PETA to Host ASU-Bashing Animal-Cruelty Presentation at ASU Campus
The presentation is called "What Happens to Animals at ASU" and will go into detail about what PETA claims is the inhumane killing of animals in ASU classrooms.
As much as it pains us to admit it, PETA may actually have a point here.
PETA claims that in basic anatomy and physiology classes, students inject rabbits with drugs after a hole has been cut in the animals' chests -- so the undergraduates can watch the reaction of the rabbits' hearts and blood pressure. PETA claims the animals are then killed.
In another cuddly experiment at ASU, PETA alleges, students stick pins through the heads of frogs and then dissect them while their hearts are still beating.
If ASU were only having medical students conduct these types of experiments, we would say have at it. However, PETA asserts that these experiments are done in undergraduate education classes and that there are several alternative ways to teach the same information that doesn't entail harming animals.
In September, the U.S. Department of Agriculture launched an investigation into the ASU experiments and in October, 1,500 students signed a petition and delivered it to ASU Provost Elizabeth Capaldi.
PETA spokeswoman Holly Beal tells New Times that Capaldi completely ignored the petition and an invitation to debate PETA representatives at the presentation.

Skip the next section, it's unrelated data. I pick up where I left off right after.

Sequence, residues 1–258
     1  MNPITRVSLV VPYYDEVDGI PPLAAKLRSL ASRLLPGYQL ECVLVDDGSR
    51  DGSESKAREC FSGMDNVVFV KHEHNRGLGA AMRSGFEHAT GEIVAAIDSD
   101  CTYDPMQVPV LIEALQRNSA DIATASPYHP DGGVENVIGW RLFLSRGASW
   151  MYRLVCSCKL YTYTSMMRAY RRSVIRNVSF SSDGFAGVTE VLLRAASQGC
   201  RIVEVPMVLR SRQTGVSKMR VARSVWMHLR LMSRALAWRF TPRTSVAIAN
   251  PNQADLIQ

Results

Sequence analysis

Calls to both Capaldi's office and to ASU spokeswoman Julie Newberg were not returned.
As for the presentation, we've seen some of the propaganda PETA produces for these types of things -- usually comprised of gruesome videos of chickens being slaughtered. They're often horrific enough to make us consider not eating meat. Then we remember how delicious chickens can be, and it's straight to KFC.
Beal assures us that the ASU event is meant to be a discussion, not propaganda, but admits that a "non-graphic" slideshow will be part of the presentation.
In fine PETA fashion, a person in a bunny suit will greet people as they walk into the auditorium holding posters that say, "I'm scared of needles, too."
"We had to go there; you know how we are," Beal says.
Oh, we know. We're just glad you do, too.
The presentation will be held on Tuesday, March 2, at noon in the Memorial auditorium (Room 230) on the ASU campus. If you plan on attending, we would advise leaving your chinchilla coat at home.